OneVariable Newsletter - 2021-12-22

This article was originally featured on the OneVariable Applied Research newsletter. If you'd like to get early access to these reports, you can sign up for the newsletter here. Newsletter emails are sent every Wednesday.

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Abstract and Results

Shortly after the newsletter went out last week, I picked up the laser cut cases!

Put together, I think they look really slick!

First case, fully assembled

A laser-cut wooden case, assembled

They turned out great, but I made a couple of little design errors. The biggest of which was I placed the USB-port cutout under the PCB, instead of over.

Outside of that, some of the port cutouts were a little tighter than I intended, though those were pretty quickly fixed with some sandpaper.

I also cut a few top layers with some of Adafruit's LED Diffusion Acrylic, which looks pretty slick with the notification LEDs.

The whole case assembly is held together with a single M3 bolt and a rivet nut, which worked out really well.

Once I build a couple of more boards, and see if there are any other changes I want or need, I'll get a few replacement parts cut for the side panels that need revision.

Board in case, minus the USB panel

A partially assembled laser cut case, with a PCB mounted inside it

On the software side, I've been chewing through software tasks, with a few highlights:

Case with Acrylic Top Layer

The same laser cut case as previously shown, but with a dark acrylic lid, rather than a wooden lid

We're getting really close to having networking and bootloader support fully working, which means the fun parts start soon!

Background Information

One of the fun aspects of working at the driver/firmware level, is that hardware has bugs too! These are typically called "hardware errata", and when known, are listed by the manufacturer. Often, these bugs are never fixed, and require a software work-around.

Unluckily for me, I ran into two of these while writing support for the QSPI peripheral of the Nordic nRF52840!

The first, nRF52840 Errata 216, causes the CPU to halt if you read the QSPI configuration values after activating the QSPI hardware. In my boot sequence, I do roughly this:

  1. The bootloader starts and uses QSPI
  2. The bootloader disables QSPI
  3. The bootloader starts the application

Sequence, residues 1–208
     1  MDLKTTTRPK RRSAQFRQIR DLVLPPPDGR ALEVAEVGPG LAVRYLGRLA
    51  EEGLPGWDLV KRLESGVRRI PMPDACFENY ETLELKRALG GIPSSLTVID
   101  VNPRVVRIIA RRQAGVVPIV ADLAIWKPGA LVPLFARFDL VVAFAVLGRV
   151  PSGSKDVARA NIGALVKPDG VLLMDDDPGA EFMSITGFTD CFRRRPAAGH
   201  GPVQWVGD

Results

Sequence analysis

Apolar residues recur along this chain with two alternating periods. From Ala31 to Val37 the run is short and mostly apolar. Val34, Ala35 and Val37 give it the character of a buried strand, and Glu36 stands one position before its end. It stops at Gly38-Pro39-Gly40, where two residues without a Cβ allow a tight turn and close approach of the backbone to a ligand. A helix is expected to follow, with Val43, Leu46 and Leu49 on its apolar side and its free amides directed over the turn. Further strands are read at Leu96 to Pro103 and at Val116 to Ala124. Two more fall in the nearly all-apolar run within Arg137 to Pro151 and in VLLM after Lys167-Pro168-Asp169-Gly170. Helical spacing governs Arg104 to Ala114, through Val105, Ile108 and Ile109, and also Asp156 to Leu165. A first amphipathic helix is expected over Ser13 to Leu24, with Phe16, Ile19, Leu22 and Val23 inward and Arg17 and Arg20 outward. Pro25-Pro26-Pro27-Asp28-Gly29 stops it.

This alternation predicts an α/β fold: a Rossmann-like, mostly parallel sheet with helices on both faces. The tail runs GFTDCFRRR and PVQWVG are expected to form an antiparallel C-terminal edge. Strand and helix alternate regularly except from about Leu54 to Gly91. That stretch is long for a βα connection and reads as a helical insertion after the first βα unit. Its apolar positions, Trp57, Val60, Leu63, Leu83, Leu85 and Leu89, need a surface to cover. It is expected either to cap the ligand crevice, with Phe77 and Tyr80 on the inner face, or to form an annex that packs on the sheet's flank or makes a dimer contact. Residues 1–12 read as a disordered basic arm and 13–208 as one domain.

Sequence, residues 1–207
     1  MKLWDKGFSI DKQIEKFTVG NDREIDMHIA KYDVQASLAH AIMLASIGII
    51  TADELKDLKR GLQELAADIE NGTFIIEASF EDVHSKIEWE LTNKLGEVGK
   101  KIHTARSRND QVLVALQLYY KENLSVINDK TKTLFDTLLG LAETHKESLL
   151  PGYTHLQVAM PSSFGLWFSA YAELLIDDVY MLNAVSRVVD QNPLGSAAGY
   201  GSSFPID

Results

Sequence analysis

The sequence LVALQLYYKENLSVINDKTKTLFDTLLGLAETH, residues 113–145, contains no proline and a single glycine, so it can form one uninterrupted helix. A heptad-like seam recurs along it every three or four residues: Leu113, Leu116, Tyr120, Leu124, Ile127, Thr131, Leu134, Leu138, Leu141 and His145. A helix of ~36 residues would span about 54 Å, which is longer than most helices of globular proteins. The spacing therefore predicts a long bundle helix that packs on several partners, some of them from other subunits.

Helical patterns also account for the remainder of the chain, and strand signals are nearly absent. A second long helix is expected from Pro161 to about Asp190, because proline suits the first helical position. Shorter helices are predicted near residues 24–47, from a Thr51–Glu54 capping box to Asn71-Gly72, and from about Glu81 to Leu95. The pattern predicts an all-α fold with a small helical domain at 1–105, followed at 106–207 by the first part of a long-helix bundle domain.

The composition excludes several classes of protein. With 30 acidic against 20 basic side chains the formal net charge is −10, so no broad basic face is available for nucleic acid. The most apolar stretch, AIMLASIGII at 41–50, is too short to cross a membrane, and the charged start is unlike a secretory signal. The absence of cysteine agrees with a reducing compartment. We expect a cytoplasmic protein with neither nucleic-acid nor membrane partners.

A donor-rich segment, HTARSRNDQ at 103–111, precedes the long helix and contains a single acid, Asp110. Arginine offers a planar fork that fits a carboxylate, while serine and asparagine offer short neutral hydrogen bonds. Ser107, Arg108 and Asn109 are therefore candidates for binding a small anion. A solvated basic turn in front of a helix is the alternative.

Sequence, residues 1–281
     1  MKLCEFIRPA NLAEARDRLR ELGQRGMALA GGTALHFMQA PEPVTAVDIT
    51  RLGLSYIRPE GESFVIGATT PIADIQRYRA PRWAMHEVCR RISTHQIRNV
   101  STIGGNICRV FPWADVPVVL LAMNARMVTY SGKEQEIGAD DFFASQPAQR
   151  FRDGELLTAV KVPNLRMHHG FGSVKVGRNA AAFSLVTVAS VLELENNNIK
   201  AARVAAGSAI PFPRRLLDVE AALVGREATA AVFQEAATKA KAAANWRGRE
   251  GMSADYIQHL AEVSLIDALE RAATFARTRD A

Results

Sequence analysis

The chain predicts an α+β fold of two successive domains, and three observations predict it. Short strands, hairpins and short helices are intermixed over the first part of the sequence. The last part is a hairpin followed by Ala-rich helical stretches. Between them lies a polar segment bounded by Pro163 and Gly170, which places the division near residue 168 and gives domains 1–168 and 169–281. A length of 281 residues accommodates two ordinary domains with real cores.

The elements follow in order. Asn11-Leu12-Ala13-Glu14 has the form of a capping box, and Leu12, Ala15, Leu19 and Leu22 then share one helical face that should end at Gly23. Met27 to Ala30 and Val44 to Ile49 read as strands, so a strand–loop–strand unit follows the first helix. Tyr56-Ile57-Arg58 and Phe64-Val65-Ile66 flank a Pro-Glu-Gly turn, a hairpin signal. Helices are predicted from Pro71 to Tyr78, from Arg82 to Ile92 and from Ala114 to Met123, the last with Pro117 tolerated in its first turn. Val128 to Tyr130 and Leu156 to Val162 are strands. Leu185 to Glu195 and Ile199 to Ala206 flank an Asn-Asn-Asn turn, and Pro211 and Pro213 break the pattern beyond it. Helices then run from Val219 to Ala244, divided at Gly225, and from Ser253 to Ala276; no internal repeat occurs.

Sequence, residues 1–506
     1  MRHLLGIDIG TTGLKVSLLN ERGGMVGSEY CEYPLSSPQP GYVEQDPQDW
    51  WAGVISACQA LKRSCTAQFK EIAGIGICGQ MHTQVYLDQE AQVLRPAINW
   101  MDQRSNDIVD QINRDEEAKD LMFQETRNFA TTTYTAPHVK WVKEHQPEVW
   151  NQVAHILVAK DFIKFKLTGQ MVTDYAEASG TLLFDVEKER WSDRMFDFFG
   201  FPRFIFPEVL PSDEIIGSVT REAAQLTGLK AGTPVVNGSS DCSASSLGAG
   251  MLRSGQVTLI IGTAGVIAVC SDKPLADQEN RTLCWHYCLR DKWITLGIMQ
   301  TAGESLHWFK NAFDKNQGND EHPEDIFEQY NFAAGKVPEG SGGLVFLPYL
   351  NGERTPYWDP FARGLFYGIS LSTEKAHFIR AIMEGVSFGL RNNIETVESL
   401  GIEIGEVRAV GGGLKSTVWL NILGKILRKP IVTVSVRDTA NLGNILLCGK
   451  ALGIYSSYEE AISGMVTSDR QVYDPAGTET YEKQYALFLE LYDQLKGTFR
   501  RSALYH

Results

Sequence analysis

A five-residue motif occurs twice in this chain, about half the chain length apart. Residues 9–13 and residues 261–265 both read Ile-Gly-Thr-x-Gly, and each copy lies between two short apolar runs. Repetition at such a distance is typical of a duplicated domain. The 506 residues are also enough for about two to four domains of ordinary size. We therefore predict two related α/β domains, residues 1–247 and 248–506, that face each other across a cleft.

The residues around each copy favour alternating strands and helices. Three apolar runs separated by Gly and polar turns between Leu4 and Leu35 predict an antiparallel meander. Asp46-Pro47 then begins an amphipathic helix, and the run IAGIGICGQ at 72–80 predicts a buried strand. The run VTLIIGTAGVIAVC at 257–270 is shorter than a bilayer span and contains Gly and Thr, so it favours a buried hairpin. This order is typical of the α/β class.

4. The application enables QSPI

In my driver, I originally used the "modify" API for changing the QSPI register settings. This causes a "read, modify, write" sequence, which triggers Errata 216! The fix for this was luckily pretty easy: I replace the "modify" with a "write", which doesn't read-back the current state first. With this patch, I was able to avoid the errata.

Definitely not a fun way to spend an evening!

Case parts, dissassembled

Beep Boop

The second errata was a bit more odd, nRF52840 Errata 215 causes back-to-back reads of QSPI memory to sometimes read incorrect values. In the bootloader, I read firmware image header data, which includes data like the length of the firmware image, as well as a Poly1305 signature of the image for verifying validity.

Oddly enough, ONLY in "debug" mode, I was seeing a corrupted Poly1305 signature, while the calculated signature was still correct. My best guess is that release mode was combining these separate reads into a single, larger one (due to software optimizations), which avoided the errata.

In the future, I'll change these smaller reads to one combined read of the header information into RAM, instead of directly reading each field.

Suggestions for Future Research

Data Architecture Drawing

A drawn block diagram describing the different components of the powerbus software, and how they communicate

I've also been putting a lot of thought into how the data communication should work for the Powerbus Mini, particularly with regard to communicating over USB and RS-485.

Since the server/broker role in the Anachro protocol is handled by an embedded device, I plan to have the PC connected over USB to just connect to the broker using USB-Serial as a transport, instead of RS-485. This allows the USB to act as a "bridged network interface", which means that the PC is just connected to the network, and every other node can talk with it "natively" using the Anachro protocol.

I plan to support the bootloading protocol as well as defmt logging over regular Anachro protocol messages. This limits the number of special protocols and interfaces I will need to build, and should be sufficient for now, at least.

I already have a PC binary that is able to connect to the Anachro broker over USB, which means that the majority of the remaining work is plumbing the bootloader and logging services into the Anachro protocol, and writing a PC-side binary that can trigger updates, or process logging messages.

The next immediate step is to get this all working with just the single USB client. After that, I'll need to finish connecting the RS-485 protocol into Anachro, so I can manage more than one device at a time.

Stay tuned for more progress next week!

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